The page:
You clearly missed out on the PDP-11 era, and you have my condolences.  The PDP-11 was IMO the finest of the mini-computers, and I was sad when memory got so cheap that the PDP-11's 16-bit addressing range (w/o segmentation) made it obsolete.  PDP-11 was an elegant, very regular architecture that was so simple that PDP-11 ASM programming was often easier than with the high-level languages of the time (this was before Pascal and C).  The machine language had such a simple octal coding that many ASM programmers could instantly decode instructions from an octal dump.

And I/O!  PDP-11 had very simple memory-mapped I/O.  How simple?  If you have an extra 10 minutes, go to the IT library, take out the "PDP-11 Peripherals Handbook" and read the chapter called "Programming".  It will show you how to do both busy-wait and interrupt-driven programming, in JUST 8 PAGES.  Compare that to what it takes to write a device driver for your favorite OS.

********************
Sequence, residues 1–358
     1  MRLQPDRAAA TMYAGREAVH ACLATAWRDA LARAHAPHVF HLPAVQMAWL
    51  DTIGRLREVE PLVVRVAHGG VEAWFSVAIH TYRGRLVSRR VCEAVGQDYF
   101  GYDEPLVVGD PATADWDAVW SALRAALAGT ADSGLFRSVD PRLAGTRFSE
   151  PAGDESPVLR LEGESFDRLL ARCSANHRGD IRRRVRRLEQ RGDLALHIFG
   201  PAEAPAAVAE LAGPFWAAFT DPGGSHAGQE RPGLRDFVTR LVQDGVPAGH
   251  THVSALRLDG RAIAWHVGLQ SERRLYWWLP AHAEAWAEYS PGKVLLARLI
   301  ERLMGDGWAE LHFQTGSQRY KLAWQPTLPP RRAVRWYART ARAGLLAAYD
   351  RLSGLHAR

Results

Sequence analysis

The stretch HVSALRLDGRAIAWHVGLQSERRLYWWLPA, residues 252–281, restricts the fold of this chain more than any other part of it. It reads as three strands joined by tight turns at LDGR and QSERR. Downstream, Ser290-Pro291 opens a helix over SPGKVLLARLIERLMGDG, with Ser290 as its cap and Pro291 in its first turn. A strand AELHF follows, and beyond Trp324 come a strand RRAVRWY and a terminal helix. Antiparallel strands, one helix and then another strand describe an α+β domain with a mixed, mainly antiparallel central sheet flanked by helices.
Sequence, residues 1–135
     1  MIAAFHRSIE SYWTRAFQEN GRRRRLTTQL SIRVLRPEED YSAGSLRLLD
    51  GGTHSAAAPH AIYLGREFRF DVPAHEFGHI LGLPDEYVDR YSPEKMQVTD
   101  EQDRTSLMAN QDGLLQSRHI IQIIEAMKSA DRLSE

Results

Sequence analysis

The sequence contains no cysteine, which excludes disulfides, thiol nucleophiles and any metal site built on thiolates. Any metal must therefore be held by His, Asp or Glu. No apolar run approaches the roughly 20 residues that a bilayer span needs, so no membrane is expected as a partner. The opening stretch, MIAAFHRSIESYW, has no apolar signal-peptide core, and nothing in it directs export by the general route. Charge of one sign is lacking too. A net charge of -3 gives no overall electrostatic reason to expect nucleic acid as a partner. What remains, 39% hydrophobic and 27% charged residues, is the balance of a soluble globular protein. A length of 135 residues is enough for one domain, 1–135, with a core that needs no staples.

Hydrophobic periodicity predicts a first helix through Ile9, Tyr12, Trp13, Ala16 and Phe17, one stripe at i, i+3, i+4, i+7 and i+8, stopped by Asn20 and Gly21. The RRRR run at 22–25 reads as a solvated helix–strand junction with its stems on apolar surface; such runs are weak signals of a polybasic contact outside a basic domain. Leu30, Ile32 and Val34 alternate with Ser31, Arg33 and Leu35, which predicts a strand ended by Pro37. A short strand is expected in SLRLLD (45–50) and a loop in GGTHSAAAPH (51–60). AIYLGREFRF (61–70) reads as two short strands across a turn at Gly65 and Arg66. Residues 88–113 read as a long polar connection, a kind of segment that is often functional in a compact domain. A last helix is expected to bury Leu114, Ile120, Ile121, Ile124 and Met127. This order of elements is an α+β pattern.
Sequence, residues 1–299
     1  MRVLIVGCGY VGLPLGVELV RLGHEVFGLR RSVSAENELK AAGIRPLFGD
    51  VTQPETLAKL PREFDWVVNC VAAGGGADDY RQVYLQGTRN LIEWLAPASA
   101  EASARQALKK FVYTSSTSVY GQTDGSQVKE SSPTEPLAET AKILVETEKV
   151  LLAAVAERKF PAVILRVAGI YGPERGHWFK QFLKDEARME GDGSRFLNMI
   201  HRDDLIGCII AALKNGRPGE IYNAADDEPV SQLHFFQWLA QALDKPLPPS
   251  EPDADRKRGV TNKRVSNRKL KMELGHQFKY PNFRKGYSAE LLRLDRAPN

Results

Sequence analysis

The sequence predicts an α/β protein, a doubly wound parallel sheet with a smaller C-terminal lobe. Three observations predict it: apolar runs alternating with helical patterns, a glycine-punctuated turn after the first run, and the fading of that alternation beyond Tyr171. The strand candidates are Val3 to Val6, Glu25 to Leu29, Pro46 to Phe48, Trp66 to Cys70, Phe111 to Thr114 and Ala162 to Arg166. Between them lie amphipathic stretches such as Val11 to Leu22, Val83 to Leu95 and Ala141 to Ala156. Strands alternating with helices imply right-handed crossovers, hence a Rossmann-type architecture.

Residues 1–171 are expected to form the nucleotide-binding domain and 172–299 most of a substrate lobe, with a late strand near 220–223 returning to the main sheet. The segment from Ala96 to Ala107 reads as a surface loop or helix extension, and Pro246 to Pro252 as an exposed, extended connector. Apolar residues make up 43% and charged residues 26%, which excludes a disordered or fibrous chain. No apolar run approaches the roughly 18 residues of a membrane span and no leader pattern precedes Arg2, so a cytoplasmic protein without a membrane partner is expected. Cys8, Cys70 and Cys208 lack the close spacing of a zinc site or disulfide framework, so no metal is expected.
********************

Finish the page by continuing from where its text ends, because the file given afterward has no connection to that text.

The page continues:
Looking at PDP-11 books reminds people like me of the wonderful time between the aloofness of mainframes locked away in glass rooms and the insane overcomplexity of modern desktop computers.  The PDP-11 was simple enough that an individual could quickly master it without being bogged down in arbitrary complexity.  It was a great time of freedom -- a machine you could fully control before being handcuffed by DRMs and software patents.

You can still get a PDP-11 style joy of simplicity with bare-metal programming on some embedded processors.

prabhakar_deosthali
User Rank
CEO
The computer that no more exists
prabhakar_deosthali   7/4/2013 8:41:02 AM
NO RATINGS
The Digital Equipment Corporation , the well known name in computers for decades is history now. So much so that today's generation will hardly have heard this name.

 

But my IT department's library has a complete rack assigned for the books , manuals of DEC PDP 11 series computer and the associated RSX-11 operating system. It competes for space among the latest additions on HTML, XNL, JAVA and such new additions.